I don't fully understand what kind of object `index_values`

is. But if it were an `ndarray`

, or could be converted to an `ndarray`

, you could just do this:

```
>>> s = numpy.arange(20)
>>> index_values = (numpy.random.random((3, 3)) * 20).astype('i')
>>> s[index_values] = 4
>>> s
array([ 0, 1, 4, 4, 4, 5, 6, 4, 8, 4, 4, 11, 12,
13, 4, 15, 4, 4, 4, 19])
```

**Edit:** But it seems that won't work in this case. On the basis of your edits and comments, here's a method I think might work for you. A random list of lists with varying lengths...

```
>>> index_values = [list(range(x, x + random.randrange(1, 5)))
... for x in [random.randrange(0,50) for y in range(33)]]
```

...isn't hard to convert into an array:

```
>>> index_value_array = numpy.fromiter(itertools.chain(*index_values),
dtype='i')
```

If you know the length of the array, specify the `count`

for better performance:

```
>>> index_value_array = numpy.fromiter(itertools.chain(*index_values),
dtype='i', count=83)
```

Since your edit indicates that you want histogram-like behavior, simple indexing won't do, as pointed out by Robert Kern. So use `numpy.histogram`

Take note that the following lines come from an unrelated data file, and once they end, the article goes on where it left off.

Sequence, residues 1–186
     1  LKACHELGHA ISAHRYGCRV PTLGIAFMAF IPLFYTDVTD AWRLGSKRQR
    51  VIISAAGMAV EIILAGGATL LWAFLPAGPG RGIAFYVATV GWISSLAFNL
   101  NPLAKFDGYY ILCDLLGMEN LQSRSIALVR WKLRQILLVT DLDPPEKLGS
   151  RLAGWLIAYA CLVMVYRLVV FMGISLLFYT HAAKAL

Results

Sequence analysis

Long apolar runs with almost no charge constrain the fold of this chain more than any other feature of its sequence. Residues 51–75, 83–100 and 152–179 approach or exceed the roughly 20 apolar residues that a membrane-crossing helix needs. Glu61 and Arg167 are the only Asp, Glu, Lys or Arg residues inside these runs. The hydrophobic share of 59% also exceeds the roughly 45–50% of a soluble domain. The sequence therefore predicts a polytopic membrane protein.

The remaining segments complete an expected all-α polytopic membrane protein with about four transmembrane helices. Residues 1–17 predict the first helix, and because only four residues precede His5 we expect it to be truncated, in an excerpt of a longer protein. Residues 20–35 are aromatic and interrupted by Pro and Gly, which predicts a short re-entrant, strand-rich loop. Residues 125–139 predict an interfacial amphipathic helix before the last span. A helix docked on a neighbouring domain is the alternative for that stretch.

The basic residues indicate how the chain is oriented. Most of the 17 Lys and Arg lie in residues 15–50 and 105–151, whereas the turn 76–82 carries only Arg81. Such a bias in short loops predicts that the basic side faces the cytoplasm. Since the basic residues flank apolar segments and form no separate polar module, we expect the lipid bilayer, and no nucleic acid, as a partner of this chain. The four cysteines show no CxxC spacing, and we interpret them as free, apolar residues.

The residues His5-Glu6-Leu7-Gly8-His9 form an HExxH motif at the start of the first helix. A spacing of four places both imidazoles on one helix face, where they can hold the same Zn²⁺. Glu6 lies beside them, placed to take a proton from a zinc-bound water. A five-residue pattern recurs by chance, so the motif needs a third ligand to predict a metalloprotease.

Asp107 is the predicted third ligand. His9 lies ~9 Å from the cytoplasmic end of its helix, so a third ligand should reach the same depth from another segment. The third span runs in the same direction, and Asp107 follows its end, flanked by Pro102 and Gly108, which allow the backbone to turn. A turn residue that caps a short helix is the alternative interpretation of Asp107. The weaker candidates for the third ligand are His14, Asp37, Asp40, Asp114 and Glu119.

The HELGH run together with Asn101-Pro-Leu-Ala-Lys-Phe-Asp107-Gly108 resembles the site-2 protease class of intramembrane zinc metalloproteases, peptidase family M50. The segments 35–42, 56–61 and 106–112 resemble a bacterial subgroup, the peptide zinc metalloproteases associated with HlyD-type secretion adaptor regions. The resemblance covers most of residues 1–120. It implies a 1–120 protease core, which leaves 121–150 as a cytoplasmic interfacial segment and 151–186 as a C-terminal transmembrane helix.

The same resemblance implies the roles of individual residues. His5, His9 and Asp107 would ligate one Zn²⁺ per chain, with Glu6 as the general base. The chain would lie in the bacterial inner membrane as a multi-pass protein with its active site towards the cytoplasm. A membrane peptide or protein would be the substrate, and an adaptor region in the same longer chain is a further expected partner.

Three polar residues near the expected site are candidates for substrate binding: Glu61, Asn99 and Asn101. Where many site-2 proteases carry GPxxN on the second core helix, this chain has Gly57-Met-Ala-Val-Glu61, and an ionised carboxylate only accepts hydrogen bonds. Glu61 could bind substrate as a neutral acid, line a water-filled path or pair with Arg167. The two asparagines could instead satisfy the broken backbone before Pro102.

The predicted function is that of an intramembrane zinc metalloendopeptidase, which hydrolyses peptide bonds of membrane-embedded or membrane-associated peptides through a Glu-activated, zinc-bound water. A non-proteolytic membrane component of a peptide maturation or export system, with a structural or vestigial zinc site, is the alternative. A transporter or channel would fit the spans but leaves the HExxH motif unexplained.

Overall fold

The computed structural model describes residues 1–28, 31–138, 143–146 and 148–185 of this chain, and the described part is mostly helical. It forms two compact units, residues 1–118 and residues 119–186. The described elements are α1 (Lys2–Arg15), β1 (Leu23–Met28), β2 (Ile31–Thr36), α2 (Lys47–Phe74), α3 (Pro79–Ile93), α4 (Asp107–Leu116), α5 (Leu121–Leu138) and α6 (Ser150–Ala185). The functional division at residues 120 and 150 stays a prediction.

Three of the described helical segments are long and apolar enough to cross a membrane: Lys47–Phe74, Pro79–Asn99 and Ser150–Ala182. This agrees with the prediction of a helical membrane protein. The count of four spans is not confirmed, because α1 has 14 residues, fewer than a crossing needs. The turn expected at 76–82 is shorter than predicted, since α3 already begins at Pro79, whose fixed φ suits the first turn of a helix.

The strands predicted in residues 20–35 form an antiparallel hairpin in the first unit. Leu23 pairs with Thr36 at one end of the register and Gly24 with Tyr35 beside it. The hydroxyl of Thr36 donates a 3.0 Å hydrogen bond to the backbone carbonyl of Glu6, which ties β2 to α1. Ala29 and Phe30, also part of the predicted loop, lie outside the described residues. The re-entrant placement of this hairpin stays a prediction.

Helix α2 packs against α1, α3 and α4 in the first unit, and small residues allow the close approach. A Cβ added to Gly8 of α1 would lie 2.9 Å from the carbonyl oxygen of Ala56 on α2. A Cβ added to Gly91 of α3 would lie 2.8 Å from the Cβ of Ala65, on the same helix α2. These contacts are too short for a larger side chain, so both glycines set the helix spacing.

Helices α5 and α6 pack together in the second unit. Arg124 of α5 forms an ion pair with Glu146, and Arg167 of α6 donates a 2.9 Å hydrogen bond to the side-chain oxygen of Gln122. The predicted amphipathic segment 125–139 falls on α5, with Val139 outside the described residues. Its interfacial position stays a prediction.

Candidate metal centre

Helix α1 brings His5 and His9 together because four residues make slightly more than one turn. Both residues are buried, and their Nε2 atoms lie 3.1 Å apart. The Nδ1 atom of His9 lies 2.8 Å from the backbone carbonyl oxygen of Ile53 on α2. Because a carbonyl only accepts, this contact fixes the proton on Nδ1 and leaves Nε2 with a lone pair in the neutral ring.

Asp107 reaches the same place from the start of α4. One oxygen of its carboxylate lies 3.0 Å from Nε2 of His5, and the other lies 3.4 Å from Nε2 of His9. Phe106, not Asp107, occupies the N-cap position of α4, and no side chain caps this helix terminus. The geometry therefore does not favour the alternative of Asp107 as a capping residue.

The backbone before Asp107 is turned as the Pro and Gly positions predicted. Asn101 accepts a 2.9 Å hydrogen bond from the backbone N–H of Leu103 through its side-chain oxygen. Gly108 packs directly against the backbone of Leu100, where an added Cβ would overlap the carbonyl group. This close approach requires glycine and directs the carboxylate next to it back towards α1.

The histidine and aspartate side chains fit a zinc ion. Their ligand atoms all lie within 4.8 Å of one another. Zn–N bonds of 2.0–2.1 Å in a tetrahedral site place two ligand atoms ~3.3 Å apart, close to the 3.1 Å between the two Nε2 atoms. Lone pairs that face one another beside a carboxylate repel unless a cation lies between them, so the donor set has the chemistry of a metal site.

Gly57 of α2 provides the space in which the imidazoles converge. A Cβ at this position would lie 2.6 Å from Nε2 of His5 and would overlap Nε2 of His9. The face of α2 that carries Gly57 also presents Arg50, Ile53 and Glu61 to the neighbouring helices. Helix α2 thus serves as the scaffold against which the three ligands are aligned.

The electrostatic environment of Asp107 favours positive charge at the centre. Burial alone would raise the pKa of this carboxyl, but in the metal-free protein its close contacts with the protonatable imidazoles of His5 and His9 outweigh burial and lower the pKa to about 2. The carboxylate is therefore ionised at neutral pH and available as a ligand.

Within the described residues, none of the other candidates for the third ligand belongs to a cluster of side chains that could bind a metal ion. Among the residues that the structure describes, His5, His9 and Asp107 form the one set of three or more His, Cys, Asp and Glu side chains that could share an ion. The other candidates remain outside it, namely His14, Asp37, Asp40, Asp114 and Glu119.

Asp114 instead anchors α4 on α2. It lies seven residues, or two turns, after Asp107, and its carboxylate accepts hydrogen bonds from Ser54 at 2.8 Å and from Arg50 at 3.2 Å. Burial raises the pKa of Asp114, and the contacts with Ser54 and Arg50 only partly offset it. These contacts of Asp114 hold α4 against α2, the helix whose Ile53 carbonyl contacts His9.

:

```
>>> hist = numpy.histogram(index_value_array, bins=range(0, 51))
```

`histogram`

is really constructed for floating point histograms. This means that bins has to be a bit larger than expected because the last value is included in the last bin, and so 48 and 49 would be in the same bin if we used the more intuitive `range(0, 50)`

. The result is a tuple with an array of *n* counts and an array of *n + 1* bin borders:

```
>>> hist
(array([2, 2, 1, 2, 1, 0, 0, 0, 1, 1, 1, 1, 1, 0, 1, 1, 1, 5, 5, 5, 3, 3,
3, 3, 3, 2, 1, 0, 2, 3, 3, 1, 0, 2, 3, 2, 2, 2, 3, 2, 1, 1, 2, 2,
2, 0, 0, 0, 1, 0]),
array([ 0, 1, 2, 3, 4, 5, 6, 7, 8, 9, 10, 11, 12, 13, 14, 15, 16,
17, 18, 19, 20, 21, 22, 23, 24, 25, 26, 27, 28, 29, 30, 31, 32, 33,
34, 35, 36, 37, 38, 39, 40, 41, 42, 43, 44, 45, 46, 47, 48, 49, 50]))
```

Now we can scale the counts up by a factor of 4.1 and perform vector addition:

```
>>> s = numpy.arange(50, dtype='f')
>>> hist[0] * 4.1 + s
array([ 8.2, 9.2, 6.1, 11.2, 8.1, 5. , 6. , 7. , 12.1,
13.1, 14.1, 15.1, 16.1, 13. , 18.1, 19.1, 20.1, 37.5,
38.5, 39.5, 32.3, 33.3, 34.3, 35.3, 36.3, 33.2, 30.1,
27. , 36.2, 41.3, 42.3, 35.1, 32. , 41.2, 46.3, 43.2,
44.2, 45.2, 50.3, 47.2, 44.1, 45.1, 50.2, 51.2, 52.2,
45. , 46. , 47. , 52.1, 49. ])
```

I have no idea if this suits your purposes, but it seems like a good approach, and should probably happen at near c speed since it uses only `numpy`

and `itertools`

.